In a medium skillet, melt 3 tablespoons of the butter. Turn off the heat and add the breadcrumbs and 1 cup of the pecorino. Stir to combine. Transfer to a small bowl and wipe out but do not wash the skillet.

Line a small plate with paper towels. Using the same skillet, melt the remaining 2 tablespoons butter over medium heat and cook just until it's starting to brown. Add the whole sage leaves and cook until the leaves are crisp and just beginning to darken, about 45 seconds. Remove the pan from the heat. Using tongs, transfer the leaves to the paper towel-lined plate and reserve both the leaves and the butter.

Using the same pot you used to cook the pasta, combine the squash, milk, cream, the remaining 1/2 teaspoon salt and the reserved sage butter. Cover and cook over medium-low heat, stirring occasionally and watching to make sure the cream mixture does not boil. Simmer the squash until it is very soft, 20 to 25 minutes. Cool slightly. Place about half of the mixture in a blender or food processor and purée. Put the purée back into the pot and repeat with the remaining squash.

Add the Gruyère, the remaining pecorino, the chopped sage, and the cayenne to the puréed squash mixture and stir until the cheese has melted (the heat of the squash mixture should melt it). Add the pasta and stir to combine.

Pour into the prepared baking dish, sprinkle with the bread crumb mixture, and place the fried sage leaves in a decorative pattern on top. Place the dish on a rimmed baking sheet and bake for 30 minutes, or until the mixture is brown and bubbly. Let cool for 15 minutes before serving.

4. Light(er) mac & cheese

So, you want to make a mac & cheese that's good for the taste buds and the waistline? Obviously mac & cheese isn't inherently a healthy dish, but there are tricks for adding some more nutritional value and cutting calories.

First off, you can use reduced fat or low-fat cheeses. If you're using such a cheese, it's important to cook the mixture slowly since low-fat and reduced fat cheeses (like a skim milk cheese) clump up more easily. You may need to add a few extra teaspoons of flour if your cheese starts to clump.

Second, you can swap regular pasta for whole grain pasta to add some fiber. And third, try adding in some color! Throw in a bunch of arugula, herbed zucchini or tomatoes roasted with garlic to get some more antioxidants.

5. How to nurse a tryptophan hangover

To me, the ultimate diner breakfast isn't the eggs you find there, it's the potatoes - especially when they're in the form of home fries. In this mac & cheese, those home-fried potatoes get their just due by acting as the crowning glory on the creamy, cheesy pasta underneath. And of course, because this IS a mac & cheese, there's also melted cheese on top of those potatoes too. I don't have to wonder what Dr. Atkins would have said about a potato-on-pasta dish, but this is one splurge worth its weight in carbs.

Breakfast Mac 'n' Cheese

Ingredients

1 Tbsp, plus 1/2 tsp kosher salt, plus more as needed

8 oz small or medium shell pasta

1/4 cup, plus 2 Tbsp olive oil

1 pound small red potatoes, cut into 1/4-inch chunks (do not peel)

Freshly ground pepper

1 small onion (about 4 oz), cut into 1/2-inch dice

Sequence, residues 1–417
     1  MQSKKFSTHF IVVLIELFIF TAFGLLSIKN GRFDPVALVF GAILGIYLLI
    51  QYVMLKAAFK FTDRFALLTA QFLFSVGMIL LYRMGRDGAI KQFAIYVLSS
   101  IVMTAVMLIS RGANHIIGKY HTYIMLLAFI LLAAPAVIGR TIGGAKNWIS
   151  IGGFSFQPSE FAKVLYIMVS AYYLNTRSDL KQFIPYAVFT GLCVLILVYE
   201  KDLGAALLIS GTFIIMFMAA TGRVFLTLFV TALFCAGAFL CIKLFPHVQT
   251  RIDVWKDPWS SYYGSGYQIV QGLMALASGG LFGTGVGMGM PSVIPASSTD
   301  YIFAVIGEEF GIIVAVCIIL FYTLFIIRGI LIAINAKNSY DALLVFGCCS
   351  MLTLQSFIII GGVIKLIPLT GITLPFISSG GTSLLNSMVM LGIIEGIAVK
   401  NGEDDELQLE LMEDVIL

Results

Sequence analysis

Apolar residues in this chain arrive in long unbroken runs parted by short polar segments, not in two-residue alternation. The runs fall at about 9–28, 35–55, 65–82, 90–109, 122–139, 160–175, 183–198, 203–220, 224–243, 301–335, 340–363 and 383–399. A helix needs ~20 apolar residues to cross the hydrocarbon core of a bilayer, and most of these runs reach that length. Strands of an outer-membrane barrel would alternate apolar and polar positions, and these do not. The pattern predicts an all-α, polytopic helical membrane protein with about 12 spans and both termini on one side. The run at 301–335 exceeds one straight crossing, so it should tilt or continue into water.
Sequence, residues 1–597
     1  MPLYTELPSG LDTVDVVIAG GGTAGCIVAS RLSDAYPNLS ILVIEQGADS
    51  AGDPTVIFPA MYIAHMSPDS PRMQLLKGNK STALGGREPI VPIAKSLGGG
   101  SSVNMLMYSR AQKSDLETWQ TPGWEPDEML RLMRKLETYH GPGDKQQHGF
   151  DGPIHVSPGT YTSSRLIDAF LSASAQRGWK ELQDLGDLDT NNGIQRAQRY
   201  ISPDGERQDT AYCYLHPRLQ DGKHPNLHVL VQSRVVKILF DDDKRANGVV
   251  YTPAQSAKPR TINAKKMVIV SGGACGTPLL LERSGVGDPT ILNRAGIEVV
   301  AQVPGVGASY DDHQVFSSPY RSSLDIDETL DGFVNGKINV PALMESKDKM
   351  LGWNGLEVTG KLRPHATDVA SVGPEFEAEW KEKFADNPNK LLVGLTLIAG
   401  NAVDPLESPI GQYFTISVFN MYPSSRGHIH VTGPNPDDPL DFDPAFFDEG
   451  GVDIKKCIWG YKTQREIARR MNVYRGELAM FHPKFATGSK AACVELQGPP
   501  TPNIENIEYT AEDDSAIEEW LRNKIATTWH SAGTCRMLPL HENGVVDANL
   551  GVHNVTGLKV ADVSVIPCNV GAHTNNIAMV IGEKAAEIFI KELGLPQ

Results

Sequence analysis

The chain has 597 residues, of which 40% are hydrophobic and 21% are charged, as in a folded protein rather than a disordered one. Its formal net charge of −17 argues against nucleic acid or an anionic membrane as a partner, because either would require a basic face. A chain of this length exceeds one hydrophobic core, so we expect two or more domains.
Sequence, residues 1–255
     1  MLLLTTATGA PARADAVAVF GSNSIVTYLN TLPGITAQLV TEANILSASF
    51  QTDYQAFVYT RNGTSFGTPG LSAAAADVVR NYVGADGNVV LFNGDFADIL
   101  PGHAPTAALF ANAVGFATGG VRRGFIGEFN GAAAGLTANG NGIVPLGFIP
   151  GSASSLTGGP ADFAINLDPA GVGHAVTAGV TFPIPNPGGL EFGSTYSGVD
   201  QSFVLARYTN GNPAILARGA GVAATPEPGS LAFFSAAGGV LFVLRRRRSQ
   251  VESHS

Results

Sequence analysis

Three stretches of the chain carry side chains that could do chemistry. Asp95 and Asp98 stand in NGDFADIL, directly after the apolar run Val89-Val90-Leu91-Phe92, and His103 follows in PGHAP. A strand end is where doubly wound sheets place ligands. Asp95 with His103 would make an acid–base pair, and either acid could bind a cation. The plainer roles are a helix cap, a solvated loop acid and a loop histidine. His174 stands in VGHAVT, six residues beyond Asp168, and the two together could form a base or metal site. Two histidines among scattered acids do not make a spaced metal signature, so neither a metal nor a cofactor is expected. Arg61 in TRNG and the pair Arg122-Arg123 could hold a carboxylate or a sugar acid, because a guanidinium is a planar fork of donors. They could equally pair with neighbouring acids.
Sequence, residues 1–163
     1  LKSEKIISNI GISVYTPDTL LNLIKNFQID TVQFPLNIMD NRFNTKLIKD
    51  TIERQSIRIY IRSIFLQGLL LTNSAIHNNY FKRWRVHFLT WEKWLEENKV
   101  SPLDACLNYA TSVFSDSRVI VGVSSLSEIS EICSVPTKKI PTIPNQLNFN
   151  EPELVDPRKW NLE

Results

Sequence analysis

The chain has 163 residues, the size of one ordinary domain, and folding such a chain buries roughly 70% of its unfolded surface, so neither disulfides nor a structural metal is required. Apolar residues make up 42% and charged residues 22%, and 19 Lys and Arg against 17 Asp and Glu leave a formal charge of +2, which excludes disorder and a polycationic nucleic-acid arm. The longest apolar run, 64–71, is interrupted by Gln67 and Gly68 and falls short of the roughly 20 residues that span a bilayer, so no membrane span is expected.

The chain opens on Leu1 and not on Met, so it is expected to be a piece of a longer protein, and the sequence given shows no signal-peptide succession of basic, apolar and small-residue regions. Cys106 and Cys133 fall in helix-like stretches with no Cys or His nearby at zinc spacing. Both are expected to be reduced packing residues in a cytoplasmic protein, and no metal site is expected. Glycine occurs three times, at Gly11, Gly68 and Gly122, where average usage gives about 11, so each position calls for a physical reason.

1 medium green bell pepper (about 8 oz), cut into 1/2-inch dice

1 medium red bell pepper (about 8 oz), cut into 1/2-inch dice

2 tsp dried oregano

1/4 cup all-purpose flour

1 1/2 cups whole or reduced-fat milk

1/2 cup heavy cream

12 oz cheddar cheese, coarsely grated (3 1/2 cups)

2 tsp hot sauce

1/2 tsp dry mustard powder

Ketchup, for serving (optional)

Cooking Directions

Position an oven rack about 6 inches below the broiler and preheat to broil. Butter an 8-inch square (1 1/2-quart) metal pan or six 8-ounce ramekins. Set aside. (Note: Do not use a glass pan or a ceramic dish for this recipe. It can break when set under the broiler.)

Fill a 4- to 5-quart pot about three-quarters full with water and add

1 tablespoon of the salt. Bring to a boil and add the pasta. Cook, stirring once or twice, until tender but firm, 4 to 6 minutes for small shells, 8 to 10 minutes for medium shells. Drain, and reserve the pot.

In a large skillet, heat the 1/4 cup of the oil over medium heat. Add the potatoes and cook, stirring occasionally, until the edges are darkened and the potatoes are crisp, 10 to 12 minutes. Add salt and black pepper to taste. Using a slotted spatula or spoon, transfer the potatoes to a plate.

Using the same skillet, cook the onion and bell peppers, stirring occasionally, until the vegetables are soft and beginning to caramelize (darken) around the edges, 8 to 10 minutes. Add the oregano and salt and black pepper to taste. Turn off the heat and set aside.

Using the same pot you used to cook the pasta, heat the remaining 2 tablespoons oil over medium heat. Slowly whisk in the flour and the remaining 1/2 teaspoon salt and stir constantly until a paste forms, 30 to 45 seconds.

Continue stirring for 1 to 2 minutes more, until the mixture starts to darken slightly and smell a bit nutty. Slowly whisk in the milk and cream and stir until the mixture starts to thicken and is just beginning to bubble around the edges, 5 to 7 minutes. It should be thick enough to coat the back of a wooden spoon.

Add 3 cups of the cheese, the hot sauce and mustard powder and stir until the cheese has melted and the sauce is smooth but not too runny. It should be similar in texture to cake batter. If it's soupy, continue cooking until it thickens. Turn off the heat and add the pasta and peppers. Stir to combine. Transfer the mixture to the prepared dish. Pile the potatoes on top of the casserole and sprinkle the remaining cheese over the potatoes.

Put the pan on a rimmed baking sheet and place under the broiler. Cook until the cheese is bubbly and golden brown and the potatoes that are peeking out begin to darken, 2 to 3 minutes. Watch carefully, because the cheese and potatoes can burn easily. Let cool for 10 to 15 minutes before serving. Pass extra hot sauce and/or ketchup, if desired, alongside.